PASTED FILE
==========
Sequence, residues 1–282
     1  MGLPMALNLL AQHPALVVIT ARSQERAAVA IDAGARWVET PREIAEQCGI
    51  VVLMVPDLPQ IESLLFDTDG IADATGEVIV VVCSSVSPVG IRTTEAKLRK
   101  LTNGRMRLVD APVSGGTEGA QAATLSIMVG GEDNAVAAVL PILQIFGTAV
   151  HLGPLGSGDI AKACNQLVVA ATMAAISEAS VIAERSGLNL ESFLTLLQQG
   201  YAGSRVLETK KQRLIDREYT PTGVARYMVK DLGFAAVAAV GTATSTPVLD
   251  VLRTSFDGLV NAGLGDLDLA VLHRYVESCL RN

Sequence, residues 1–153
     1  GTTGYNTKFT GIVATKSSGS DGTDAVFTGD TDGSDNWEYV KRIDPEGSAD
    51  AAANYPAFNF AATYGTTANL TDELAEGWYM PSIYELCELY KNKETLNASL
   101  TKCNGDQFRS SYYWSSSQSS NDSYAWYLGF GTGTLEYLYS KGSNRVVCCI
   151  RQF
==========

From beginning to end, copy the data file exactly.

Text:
Sequence, residues 1–282
     1  MGLPMALNLL AQHPALVVIT ARSQERAAVA IDAGARWVET PREIAEQCGI
    51  VVLMVPDLPQ IESLLFDTDG IADATGEVIV VVCSSVSPVG IRTTEAKLRK
   101  LTNGRMRLVD APVSGGTEGA QAATLSIMVG GEDNAVAAVL PILQIFGTAV
   151  HLGPLGSGDI AKACNQLVVA ATMAAISEAS VIAERSGLNL ESFLTLLQQG
   201  YAGSRVLETK KQRLIDREYT PTGVARYMVK DLGFAAVAAV GTATSTPVLD
   251  VLRTSFDGLV NAGLGDLDLA VLHRYVESCL RN

Sequence, residues 1–153
     1  GTTGYNTKFT GIVATKSSGS DGTDAVFTGD TDGSDNWEYV KRIDPEGSAD
    51  AAANYPAFNF AATYGTTANL TDELAEGWYM PSIYELCELY KNKETLNASL
   101  TKCNGDQFRS SYYWSSSQSS NDSYAWYLGF GTGTLEYLYS KGSNRVVCCI
   151  RQF